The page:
How many "types" are there in Garmin, Wahoo, etc? If these five types are common, that would be sufficient to support five bikes for each head unit.

Presumably this is just an identifier. For example, if you have two road bikes but no TT bike, nothing stops you from using the TT type for one of the two road bikes to distinguish it from the other.

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  • 2
    Unless a "win-win" option is available, I would not recommend sacrificing the positives of Strava etc. just to have an auto bike selection feature.
    – MaplePanda
    Dec 7, 2022 at 23:02
  • If you only have one of each "type" of bike (e.g., road, gravel, mountain bike), Strava will respect the profiles you set up on your Garmin device by default. There's some nuance and details I don't feel like going into there, hence the comment and not a full answer.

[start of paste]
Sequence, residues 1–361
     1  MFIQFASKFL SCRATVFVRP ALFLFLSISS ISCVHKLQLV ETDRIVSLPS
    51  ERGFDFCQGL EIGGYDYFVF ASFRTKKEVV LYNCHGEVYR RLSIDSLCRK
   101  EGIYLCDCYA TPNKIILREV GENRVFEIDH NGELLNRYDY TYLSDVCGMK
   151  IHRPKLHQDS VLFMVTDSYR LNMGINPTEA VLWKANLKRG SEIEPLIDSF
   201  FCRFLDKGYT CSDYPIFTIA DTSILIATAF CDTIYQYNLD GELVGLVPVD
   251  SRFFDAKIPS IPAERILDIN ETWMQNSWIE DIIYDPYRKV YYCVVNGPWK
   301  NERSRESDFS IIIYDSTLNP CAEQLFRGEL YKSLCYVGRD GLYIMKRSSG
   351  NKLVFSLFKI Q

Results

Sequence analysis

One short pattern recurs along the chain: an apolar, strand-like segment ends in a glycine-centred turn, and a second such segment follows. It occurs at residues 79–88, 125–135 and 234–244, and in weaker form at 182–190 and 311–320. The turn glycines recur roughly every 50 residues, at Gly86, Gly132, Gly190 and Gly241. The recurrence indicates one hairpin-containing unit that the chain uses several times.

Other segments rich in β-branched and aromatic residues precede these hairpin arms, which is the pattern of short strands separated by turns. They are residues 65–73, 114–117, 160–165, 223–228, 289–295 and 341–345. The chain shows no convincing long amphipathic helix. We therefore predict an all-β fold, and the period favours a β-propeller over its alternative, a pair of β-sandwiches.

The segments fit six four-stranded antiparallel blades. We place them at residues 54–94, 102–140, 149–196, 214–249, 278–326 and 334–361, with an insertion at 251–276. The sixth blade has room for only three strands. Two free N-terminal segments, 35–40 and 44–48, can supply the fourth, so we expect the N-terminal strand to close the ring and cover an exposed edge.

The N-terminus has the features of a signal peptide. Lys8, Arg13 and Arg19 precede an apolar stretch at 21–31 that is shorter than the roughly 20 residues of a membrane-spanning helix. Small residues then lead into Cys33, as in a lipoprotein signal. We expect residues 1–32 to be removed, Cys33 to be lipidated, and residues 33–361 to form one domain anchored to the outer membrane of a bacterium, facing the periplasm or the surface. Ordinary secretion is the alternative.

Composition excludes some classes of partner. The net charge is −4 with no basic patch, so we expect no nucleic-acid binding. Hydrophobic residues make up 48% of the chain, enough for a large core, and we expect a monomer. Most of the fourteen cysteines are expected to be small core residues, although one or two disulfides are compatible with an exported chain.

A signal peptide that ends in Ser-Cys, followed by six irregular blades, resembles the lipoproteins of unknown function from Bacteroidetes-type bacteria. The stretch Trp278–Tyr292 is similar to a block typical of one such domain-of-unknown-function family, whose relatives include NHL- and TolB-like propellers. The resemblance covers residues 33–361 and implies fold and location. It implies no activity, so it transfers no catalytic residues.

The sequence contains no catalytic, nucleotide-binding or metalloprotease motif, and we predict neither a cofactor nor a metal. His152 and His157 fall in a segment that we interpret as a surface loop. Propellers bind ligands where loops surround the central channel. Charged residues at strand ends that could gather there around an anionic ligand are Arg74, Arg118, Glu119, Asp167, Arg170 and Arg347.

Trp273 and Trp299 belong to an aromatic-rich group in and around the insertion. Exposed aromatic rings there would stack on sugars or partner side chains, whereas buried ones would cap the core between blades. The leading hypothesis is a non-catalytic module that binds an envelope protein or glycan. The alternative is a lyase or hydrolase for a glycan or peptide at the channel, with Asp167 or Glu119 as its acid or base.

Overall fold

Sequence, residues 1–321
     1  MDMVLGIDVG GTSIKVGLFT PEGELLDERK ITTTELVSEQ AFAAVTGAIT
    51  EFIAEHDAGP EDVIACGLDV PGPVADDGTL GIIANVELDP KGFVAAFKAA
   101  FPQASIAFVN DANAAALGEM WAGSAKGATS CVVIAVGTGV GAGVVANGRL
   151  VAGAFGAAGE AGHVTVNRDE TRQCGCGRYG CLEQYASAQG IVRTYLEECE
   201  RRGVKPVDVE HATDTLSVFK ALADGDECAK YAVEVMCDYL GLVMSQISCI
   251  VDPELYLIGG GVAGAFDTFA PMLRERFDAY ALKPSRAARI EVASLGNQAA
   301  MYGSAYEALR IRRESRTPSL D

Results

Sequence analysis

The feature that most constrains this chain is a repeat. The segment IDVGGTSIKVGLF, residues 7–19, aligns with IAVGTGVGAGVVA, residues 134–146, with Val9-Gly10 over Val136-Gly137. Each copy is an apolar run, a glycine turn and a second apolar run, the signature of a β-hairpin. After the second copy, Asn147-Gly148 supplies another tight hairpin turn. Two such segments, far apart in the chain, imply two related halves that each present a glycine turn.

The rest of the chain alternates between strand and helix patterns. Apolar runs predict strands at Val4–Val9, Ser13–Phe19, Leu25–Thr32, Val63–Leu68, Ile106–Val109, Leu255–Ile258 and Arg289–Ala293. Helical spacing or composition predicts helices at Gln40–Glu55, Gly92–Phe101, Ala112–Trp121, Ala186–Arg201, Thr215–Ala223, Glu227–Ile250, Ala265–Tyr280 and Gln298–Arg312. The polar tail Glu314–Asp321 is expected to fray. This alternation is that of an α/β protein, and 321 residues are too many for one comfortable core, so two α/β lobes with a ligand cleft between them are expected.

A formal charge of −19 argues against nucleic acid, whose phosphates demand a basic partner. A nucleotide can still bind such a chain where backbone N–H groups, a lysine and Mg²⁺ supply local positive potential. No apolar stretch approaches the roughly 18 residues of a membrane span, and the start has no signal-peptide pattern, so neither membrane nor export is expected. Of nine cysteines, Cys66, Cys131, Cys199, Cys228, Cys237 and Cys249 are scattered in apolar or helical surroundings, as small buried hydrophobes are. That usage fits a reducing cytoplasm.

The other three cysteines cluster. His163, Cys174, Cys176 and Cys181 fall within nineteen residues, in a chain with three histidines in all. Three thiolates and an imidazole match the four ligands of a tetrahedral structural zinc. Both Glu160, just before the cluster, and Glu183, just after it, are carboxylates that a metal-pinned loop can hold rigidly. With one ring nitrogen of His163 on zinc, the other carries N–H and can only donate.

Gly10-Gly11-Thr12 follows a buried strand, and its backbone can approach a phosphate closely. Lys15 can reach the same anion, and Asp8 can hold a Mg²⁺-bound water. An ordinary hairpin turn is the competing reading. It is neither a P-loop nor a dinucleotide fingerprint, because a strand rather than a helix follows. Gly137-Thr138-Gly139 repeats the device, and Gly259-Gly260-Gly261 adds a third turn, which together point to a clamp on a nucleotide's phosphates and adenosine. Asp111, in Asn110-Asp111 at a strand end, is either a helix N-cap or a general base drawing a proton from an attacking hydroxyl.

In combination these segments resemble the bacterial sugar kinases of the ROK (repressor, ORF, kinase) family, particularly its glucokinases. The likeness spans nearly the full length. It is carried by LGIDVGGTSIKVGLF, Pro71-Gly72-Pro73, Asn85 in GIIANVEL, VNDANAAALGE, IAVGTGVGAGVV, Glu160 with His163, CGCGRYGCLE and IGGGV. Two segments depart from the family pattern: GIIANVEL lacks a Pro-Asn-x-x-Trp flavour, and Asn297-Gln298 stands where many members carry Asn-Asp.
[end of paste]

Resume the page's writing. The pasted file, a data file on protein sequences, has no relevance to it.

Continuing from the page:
– Paul H
    Dec 8, 2022 at 0:50
  • @PaulH That will do. If you have two road bikes, nothing stops you from using a different (arbitrary) type for the second, subject only to whether the total number of types will cover the number of bikes.
    – Sam
    Dec 8, 2022 at 2:50
  • @Sam, well the types have to match in your Garmin head unit and Strava
    – Paul H
    Dec 8, 2022 at 2:53
  • @PaulH Yes, I understood as much. How many "types" are there in Garmin? (I updated the question.)
    – Sam
    Dec 8, 2022 at 3:25

3 Answers 3

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My phone does this.